When Erich Von Stroheim was supervising the construction of the Monte
Carlo sets (pictured above) for Foolish Wives on the Universal lot in 1921, he insisted that a series of real and very large plate-glass windows be installed in the Cafe de Paris facade so that he could film in them the reflection of the facade of the building opposite.

The windows cost $12,000 — an enormous sum at the time.  But as Von Stroheim biographer Richard Koszarski points out, the effect of the reflections remains startling, if subtle — it creates the illusion of a whole real world, including buildings behind the audience.  It is an effect beyond the means of any theater, and purely cinematic.

It is also emblematic of Von Stroheim's vision of cinema — radical for its time.  Koszarski supplies us with a quote from Jean Renoir which sums up this vision eloquently.  Renoir said he saw Foolish Wives at least ten times, and that it was this film which inspired him to dedicate his life to filmmaking.  Renoir said that the film impressed him with “the possibility of creating within a film a world that might differ greatly from reality but still would be experienced as having a wholeness and coherence like that of the world we live in.”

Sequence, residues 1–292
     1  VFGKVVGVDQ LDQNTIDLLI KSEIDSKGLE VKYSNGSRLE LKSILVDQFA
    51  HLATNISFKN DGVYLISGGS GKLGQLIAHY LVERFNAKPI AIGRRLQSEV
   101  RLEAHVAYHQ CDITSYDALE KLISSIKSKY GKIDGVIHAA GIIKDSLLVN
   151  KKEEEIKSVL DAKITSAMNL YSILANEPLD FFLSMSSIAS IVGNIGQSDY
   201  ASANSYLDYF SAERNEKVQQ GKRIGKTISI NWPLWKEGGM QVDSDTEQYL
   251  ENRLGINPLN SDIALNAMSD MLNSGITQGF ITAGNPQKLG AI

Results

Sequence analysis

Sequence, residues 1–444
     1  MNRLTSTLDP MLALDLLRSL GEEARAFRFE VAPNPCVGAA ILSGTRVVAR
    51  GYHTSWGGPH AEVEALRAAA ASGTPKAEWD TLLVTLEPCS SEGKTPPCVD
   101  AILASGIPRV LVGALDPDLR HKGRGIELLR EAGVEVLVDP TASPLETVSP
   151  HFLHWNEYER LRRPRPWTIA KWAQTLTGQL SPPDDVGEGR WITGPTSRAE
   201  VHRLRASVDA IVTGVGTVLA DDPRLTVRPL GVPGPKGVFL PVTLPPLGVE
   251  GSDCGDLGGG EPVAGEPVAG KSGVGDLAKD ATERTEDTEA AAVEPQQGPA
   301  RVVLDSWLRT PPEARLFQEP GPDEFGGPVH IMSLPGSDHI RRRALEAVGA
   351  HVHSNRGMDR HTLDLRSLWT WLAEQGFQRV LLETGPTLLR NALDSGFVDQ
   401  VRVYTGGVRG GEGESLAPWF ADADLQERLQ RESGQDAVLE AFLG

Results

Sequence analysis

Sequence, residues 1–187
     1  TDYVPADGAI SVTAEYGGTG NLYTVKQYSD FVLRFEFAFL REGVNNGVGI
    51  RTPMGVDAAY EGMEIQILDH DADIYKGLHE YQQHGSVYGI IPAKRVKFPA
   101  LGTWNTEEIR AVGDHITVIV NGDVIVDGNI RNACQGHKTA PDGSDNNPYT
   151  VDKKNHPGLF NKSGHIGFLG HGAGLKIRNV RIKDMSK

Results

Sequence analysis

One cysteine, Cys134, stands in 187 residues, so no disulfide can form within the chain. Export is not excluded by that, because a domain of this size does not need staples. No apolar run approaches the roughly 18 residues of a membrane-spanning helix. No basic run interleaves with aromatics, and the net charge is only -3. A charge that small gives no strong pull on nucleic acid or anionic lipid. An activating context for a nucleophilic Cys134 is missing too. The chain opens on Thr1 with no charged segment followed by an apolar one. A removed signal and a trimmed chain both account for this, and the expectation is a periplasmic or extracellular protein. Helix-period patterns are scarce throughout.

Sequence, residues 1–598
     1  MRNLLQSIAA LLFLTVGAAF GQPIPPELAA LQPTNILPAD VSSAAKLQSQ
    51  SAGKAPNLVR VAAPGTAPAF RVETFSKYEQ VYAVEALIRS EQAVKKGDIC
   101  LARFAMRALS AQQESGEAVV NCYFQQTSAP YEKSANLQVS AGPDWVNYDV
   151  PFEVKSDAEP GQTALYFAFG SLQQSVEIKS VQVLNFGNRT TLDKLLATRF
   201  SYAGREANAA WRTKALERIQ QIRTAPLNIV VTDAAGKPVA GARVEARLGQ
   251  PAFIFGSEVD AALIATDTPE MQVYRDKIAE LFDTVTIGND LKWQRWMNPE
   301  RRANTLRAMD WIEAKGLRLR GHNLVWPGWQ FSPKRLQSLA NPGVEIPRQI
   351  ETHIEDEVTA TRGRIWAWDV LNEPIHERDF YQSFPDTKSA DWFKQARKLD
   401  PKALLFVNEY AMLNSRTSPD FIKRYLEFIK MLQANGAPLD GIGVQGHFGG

All great directors from Griffith onwards have at least intuited this fundamental and unique potential of the film medium, but Von Stroheim was the first to use it consciously as the basic organizing principle of his style.

It's almost impossible to overestimate the importance of Von Stroheim's creative insight to the art and subsequent history of film.  Without it, just for starters, Jean Renoir might have decided to go into some other line of work.